Response time isn't great. That's blur, people. Although, there are many expensive panels than I have not seen.

The panels themselves are dumb--unless you buy a branded panel that's locked into a manufacturer's ecosystem. Most don't have any processing. You build your own array and use your own gear to drive them. (That means the panels shouldn't add significant latency)

A Calibre/Kramer video wall processor can get the job done with about 25ms total lag. So, lag isn't the issue.

The blurry image and image quality are the big concerns. Looks like a big ass Color Gameboy.

If you want zero lag big screen display tech, you might consider asking for laser light driven projectors with DLP tech. You need a fast color wheel as well. The laser light should provide enough light to use black frame insertion. Sony has the tech now. The high end Sony projectors are very nice. Unfortunately, their internal processing is slow. One of those with the option to bypass all internal processing (and use an external projector-featured video processor for color processing, scaling, and geometry) would be a much better solution for big screen gaming.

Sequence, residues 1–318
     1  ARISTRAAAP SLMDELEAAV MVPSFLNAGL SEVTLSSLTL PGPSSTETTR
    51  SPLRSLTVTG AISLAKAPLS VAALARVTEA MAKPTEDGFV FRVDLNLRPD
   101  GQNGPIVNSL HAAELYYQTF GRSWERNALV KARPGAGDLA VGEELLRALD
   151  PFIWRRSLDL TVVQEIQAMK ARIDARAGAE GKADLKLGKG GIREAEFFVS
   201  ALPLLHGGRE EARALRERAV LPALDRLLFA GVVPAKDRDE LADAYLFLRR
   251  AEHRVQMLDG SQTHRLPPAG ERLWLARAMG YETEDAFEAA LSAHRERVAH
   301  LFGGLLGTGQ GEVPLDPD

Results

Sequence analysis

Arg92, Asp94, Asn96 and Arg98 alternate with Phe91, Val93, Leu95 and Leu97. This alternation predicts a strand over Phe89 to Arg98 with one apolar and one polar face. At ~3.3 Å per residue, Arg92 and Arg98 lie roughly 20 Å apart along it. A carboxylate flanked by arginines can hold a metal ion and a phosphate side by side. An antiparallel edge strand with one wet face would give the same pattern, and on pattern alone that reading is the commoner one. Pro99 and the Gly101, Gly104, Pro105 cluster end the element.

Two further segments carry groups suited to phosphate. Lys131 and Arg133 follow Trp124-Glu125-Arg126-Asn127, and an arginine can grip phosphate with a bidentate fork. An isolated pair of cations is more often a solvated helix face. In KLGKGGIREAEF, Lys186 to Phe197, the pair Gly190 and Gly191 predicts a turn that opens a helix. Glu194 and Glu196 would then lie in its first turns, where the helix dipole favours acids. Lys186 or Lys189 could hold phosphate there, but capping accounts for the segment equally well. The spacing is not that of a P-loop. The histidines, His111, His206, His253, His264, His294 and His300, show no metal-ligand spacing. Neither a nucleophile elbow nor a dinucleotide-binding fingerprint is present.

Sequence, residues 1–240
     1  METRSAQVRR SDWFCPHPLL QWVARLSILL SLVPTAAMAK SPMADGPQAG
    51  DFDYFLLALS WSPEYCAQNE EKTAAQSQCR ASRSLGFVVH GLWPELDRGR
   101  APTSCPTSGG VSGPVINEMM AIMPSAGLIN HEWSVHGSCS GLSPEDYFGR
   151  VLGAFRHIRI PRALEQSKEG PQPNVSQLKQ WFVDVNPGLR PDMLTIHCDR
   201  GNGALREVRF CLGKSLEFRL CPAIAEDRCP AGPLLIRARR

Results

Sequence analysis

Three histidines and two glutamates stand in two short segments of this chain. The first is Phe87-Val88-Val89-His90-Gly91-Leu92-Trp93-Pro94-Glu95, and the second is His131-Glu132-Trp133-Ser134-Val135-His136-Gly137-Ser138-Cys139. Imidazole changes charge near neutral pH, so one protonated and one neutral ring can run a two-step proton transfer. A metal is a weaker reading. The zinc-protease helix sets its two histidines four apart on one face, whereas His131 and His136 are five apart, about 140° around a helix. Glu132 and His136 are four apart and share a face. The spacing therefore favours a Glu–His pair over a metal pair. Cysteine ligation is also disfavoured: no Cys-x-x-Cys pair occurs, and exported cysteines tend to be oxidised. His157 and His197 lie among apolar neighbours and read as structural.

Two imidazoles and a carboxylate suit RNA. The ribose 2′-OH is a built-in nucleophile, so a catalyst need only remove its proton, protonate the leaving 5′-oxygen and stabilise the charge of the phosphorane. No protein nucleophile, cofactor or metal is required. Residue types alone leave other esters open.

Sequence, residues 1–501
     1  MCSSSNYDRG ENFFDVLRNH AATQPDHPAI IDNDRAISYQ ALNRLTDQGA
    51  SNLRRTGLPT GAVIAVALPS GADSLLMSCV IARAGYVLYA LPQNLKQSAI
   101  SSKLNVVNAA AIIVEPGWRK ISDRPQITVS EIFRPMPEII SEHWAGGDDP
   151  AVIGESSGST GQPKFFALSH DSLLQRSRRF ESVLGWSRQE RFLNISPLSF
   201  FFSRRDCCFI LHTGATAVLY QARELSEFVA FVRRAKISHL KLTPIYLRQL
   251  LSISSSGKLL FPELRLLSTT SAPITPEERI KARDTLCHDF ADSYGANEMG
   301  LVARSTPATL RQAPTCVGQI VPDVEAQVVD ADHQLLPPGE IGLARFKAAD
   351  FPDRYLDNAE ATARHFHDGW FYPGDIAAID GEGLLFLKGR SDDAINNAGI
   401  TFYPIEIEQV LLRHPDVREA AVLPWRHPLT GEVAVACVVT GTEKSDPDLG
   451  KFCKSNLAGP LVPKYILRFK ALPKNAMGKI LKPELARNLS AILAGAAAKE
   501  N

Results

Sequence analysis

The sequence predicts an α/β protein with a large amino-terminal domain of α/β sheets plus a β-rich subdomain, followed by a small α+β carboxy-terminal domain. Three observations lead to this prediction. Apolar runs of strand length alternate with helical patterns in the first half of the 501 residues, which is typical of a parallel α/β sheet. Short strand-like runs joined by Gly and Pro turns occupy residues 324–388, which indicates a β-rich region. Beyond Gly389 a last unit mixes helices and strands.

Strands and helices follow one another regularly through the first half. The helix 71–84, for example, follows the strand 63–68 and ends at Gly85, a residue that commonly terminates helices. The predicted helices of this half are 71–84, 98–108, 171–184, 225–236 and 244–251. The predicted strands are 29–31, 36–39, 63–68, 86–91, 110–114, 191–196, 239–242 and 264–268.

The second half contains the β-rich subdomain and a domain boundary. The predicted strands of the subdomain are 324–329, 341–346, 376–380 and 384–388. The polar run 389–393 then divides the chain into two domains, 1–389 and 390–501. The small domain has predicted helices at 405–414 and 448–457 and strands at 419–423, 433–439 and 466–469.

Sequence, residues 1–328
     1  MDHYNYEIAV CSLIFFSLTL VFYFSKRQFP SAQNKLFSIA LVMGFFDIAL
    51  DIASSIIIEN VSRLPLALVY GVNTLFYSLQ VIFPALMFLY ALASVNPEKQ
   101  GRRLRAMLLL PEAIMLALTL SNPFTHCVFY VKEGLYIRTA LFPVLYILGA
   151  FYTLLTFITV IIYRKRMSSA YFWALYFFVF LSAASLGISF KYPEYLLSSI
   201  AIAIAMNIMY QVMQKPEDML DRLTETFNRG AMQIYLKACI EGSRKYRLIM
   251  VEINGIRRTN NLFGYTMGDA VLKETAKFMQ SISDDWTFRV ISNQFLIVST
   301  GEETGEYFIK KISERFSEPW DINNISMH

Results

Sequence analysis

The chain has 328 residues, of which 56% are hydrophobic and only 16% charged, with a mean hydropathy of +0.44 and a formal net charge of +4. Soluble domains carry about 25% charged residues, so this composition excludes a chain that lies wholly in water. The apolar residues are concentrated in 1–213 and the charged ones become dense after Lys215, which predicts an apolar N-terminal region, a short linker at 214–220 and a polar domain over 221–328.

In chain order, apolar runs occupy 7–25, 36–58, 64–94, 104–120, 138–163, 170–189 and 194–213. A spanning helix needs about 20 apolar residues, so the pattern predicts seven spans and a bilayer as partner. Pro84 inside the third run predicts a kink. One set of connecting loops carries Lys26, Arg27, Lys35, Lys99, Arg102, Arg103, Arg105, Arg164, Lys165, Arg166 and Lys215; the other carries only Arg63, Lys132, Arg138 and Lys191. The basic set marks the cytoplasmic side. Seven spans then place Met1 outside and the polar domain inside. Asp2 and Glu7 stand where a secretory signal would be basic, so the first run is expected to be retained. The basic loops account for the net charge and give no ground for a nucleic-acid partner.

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 Post subject: Re: New display tech that might actually work for retro gami
PostPosted: Wed Oct 10, 2018 11:41 pm 



Joined: 11 Sep 2014
Posts: 114
Xer Xian wrote:
Deep down in your heart, you know there's no way you could replace your beautiful Ikegami CRT with one of those bland, soulless, sad LED thingies :P



You are right. Well... not by choice anyway. But nothing lasts forever so eventually we'll all have to replace our CRTs or give up vintage gaming at native res and refresh rates.

So, I am hoping, that before my CRTs die, there will be a viable option for displaying 240p on a 4:3 screen without hideous upscaling.

So far, every new display tech has been fixed pixel and a res that is further and further from what we need. Full color fine pitch led displays is the only one so far that has a chance of supporting native low resolutions, a corse enough pitch and 4:3 aspect...

The real genius of CRT is that they can switch res. I hope one day there will be a new tech that isn't fixed res....


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 Post subject: Re: New display tech that might actually work for retro gami
PostPosted: Thu Oct 11, 2018 4:05 pm 



Joined: 11 Sep 2014
Posts: 114
orange808 wrote:
As a person that owns the equipment to drive an LED wall, I'll tell you that it isn't a miracle.

Response time isn't great. That's blur, people. Although, there are many expensive panels than I have not seen.